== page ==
These are chat archives for bluescarni/pagmo_reborn

Jun 2016
Dario Izzo
Jun 12 2016 08:13
@bluescarni Ah ok, sorry I did not get you wanted to change those too (I was thinking sparsity). For consistency I assume ... You can do them in your branch then .... then I guess I can merge from it
Francesco Biscani
Jun 12 2016 08:51
btw it is actually possible to inspect the function signature in Python, this could help giving better error messages for the UDP in Python
but I'll leave this for later
Dario Izzo
Jun 12 2016 09:33
right .. cool
Francesco Biscani
Jun 12 2016 11:16
so for some instances of what I mean about the docs
Francesco Biscani
Jun 12 2016 11:53
just a collection of random things
  • I had initially done the Python docs according to a certain markup style (it does not matter which one). Then I noticed when you committed the cmaes docs they were adopting another convention (stupid example: markup of types using double backticks vs no special markup for types), so I went back and modified the existing docs. I don't care which style we use, as long as we adopt one and we stick to it consistently, and I'd like not to have to spend time policing this if possible :)
  • we still don't have full docs on the exposed problems/algorithm, IMO we should have a consistent behaviour of the public API. Either we document it all at the same way (which means adding params, return values, throws, etc.) it or we don't.
  • at one point we decided we should have error messages like this one already implemented in problem:
                  pagmo_throw(std::logic_error,"the user-defined problem does not support seed setting: "
                      "either it does not provide the 'set_seed()' method or its 'has_set_seed()' method "
                      "returns false\n\nThe expected prototypes for 'set_seed()' are:\n"
                      "C++: 'void set_seed(unsigned int)'\n"
                      "Python: 'set_seed(seed)'");
    this is okish maybe for the set_seed() function, but it does not really inform for instance on what the argument types should be, nor what the functions should return. This is a problem for functions like the gradient for instance. We could add this info to the message of course, but then we have the same information in 3 different places in the docs, and if we ever need to change it it's gonna be madness. This is all information that IMO should be in the web documentation. Are we expecting one to be able to start writing problems "blindly" from the command line without ever opening up the PyGMO docs? I think we need to have a consistent behaviour and intent about this, otherwise we will have a hodgepodge of documentation. It's clear that we have conflicting ideas about the style and scope of the docs, so I think we need to find a common ground before making a mess.
  • regarding the throws: there are many places were only a subset of throws are documented. For instance, the pop ctor from problem does not mention it could throw from creating the problem. the best/worst idx do not document that they could throw from the functions used for the sorting. The second overloads of sort_population_con() does not mention it could throw anything thrown by the first overload. And so on. Again, I started noticing this after starting to write the Python docs and asking myself what and how could throw for documenting it on the Python side. About this, I am open to the idea of eliminating the throws specifications at all, because honestly over the years I have used them they have not been of great practical value. Better to erase them altogether than having them half-assed :)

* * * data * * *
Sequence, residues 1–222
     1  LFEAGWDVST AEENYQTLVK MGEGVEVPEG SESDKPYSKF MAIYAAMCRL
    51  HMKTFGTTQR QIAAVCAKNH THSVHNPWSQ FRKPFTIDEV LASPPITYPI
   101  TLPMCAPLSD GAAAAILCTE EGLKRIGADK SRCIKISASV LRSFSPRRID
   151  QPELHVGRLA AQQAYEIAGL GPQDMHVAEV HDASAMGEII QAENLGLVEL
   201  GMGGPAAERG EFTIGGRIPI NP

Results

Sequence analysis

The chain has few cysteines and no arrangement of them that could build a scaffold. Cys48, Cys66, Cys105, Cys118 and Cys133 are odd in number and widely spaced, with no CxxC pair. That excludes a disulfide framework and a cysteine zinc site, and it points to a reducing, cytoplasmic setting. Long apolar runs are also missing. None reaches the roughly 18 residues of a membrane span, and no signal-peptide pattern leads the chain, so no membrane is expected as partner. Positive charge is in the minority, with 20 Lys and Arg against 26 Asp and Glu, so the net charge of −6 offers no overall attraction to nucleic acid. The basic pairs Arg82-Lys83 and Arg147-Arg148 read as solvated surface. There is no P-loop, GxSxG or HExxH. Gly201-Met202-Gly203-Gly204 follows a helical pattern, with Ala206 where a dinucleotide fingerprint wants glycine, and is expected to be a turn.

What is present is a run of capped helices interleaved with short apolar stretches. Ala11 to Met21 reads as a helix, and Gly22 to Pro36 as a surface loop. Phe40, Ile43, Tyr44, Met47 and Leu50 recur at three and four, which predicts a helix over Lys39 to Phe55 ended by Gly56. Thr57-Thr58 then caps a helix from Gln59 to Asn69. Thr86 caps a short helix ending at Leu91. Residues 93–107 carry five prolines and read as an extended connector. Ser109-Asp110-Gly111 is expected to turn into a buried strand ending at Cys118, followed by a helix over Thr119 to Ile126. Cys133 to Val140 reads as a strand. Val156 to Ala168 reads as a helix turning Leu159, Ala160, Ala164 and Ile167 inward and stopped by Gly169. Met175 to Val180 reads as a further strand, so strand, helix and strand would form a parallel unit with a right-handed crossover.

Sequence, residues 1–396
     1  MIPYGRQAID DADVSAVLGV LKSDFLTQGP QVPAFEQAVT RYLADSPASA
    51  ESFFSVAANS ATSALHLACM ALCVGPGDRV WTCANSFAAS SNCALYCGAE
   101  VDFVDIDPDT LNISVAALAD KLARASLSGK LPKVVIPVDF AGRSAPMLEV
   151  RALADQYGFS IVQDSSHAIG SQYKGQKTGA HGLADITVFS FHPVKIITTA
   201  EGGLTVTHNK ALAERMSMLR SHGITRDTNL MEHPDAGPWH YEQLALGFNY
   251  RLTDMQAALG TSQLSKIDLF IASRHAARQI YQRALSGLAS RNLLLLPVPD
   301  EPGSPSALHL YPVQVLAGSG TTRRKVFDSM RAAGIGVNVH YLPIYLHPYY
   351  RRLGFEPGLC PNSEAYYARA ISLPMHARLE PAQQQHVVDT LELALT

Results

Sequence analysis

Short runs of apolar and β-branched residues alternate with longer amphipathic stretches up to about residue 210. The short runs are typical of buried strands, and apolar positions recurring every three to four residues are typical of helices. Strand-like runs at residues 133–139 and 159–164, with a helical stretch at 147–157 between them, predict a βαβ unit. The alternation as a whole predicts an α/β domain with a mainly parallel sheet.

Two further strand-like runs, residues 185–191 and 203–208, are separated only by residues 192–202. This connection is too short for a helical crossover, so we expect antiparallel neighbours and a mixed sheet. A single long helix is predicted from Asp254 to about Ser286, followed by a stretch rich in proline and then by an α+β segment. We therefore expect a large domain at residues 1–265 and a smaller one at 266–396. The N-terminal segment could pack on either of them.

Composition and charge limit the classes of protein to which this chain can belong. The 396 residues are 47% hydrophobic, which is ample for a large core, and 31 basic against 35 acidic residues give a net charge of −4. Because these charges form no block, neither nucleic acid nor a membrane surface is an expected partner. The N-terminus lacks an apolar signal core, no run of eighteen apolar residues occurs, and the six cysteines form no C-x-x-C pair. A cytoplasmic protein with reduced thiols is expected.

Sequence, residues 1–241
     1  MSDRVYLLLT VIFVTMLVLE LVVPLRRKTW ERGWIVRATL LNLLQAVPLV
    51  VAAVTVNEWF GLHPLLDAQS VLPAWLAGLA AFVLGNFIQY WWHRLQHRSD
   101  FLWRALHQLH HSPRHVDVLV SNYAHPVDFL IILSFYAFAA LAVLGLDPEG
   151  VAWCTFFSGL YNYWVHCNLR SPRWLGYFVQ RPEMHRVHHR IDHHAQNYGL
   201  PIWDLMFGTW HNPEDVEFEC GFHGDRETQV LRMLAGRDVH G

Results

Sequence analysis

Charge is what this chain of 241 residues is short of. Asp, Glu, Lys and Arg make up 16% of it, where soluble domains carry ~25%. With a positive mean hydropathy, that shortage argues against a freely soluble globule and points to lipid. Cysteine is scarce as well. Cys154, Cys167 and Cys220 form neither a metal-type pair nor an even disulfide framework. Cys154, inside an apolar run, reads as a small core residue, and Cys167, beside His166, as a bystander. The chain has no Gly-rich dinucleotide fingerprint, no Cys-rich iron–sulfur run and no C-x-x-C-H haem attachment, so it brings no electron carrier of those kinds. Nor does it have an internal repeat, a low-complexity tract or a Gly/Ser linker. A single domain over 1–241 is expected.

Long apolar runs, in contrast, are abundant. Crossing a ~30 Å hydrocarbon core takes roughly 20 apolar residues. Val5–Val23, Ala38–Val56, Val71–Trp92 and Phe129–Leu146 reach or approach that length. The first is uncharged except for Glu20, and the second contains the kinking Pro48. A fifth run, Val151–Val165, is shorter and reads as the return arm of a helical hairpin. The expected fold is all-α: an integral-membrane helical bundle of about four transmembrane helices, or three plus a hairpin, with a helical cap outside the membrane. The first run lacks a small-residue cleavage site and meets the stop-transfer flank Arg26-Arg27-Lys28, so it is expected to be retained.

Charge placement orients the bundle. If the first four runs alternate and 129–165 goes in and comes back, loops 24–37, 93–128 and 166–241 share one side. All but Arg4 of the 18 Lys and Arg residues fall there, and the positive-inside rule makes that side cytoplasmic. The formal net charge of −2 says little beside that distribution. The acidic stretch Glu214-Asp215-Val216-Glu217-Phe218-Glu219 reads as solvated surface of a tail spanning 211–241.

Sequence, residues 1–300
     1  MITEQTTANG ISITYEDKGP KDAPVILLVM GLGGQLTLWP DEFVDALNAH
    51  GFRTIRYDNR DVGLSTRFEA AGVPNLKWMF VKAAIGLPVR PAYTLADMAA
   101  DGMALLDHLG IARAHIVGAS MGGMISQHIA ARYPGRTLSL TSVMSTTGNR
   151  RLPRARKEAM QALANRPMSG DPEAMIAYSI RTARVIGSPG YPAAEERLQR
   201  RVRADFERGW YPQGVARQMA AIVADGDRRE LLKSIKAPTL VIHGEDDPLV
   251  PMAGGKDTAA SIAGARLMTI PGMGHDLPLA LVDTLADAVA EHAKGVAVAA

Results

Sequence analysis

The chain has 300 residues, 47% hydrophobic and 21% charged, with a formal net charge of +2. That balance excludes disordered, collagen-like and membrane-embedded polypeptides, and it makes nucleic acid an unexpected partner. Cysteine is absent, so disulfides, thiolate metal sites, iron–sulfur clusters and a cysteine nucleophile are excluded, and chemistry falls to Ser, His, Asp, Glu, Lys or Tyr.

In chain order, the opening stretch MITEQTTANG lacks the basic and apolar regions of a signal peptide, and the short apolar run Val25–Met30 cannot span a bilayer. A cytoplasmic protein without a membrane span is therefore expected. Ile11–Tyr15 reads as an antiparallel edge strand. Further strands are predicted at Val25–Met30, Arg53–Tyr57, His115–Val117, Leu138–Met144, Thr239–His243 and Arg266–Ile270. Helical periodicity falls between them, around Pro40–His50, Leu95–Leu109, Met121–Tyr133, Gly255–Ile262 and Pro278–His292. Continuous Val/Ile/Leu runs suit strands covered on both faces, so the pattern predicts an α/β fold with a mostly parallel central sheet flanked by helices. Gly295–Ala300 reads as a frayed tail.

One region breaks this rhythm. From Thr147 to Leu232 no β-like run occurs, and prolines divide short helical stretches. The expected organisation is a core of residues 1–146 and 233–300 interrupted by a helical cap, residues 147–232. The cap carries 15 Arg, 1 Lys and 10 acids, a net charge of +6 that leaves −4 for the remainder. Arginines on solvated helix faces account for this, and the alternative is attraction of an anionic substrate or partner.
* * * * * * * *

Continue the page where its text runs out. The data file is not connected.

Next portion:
• there's lots of glitches/inconsistencies on the doxygen side of the docs. Again, different markup stylings, the fact that sometimes there are round brackets when referencing methods sometimes there aren't, the random use of rulers, the fact that the @note command sometimes used with a : sometimes not, phrases sometimes terminating with a . sometimes not, etc.
so it's nothing major, just a lot of small things which often absorb sizeable portions of my pagmo coding time which I suppose I could use in a more useful way :)
Dario Izzo
Jun 12 2016 12:24
  • The python docs of CMAES used the same convention as the last entry in the file docstrings.cpp which was rosenbrock. I assumed it was "the" one convention. Did not notice that you used two different conventions in the same file ...
  • On the problems and algorithms docs. I choose not to document getters and setters when obvious (as in they are one of type m_name = value; or return m_name;). This type of docs make the appearance of the doc page more compact as it avoids the use of space for the obvious shortening the wall of text. But I am fine if you want to add them.
  • We can remove the expected prototype thing and put a ref to the online docs maybe? Or just remove it altogether and invite verbally to check the online docs.
  • For the throws: I would propose to remove all throws that are unspecified, leaving the ones that are in the body. Does this make sense?
  • the glitches and inconsistencies will always be there and will be slowly fixed in time version after version ... I personally do not think it is of much importance to have all sentences ended with . or not, all @note followed by a column or not etc.... It certainly adds a feeling of professionalism, but as you said are all things that if enforced absorb too much time that could be otherwise be used better.
On the the fact that writing docs properly is less interesting than coding, I agree. I personally infact tend to stop caring after having spent some time as otherwise I could go on for 99% of the time :)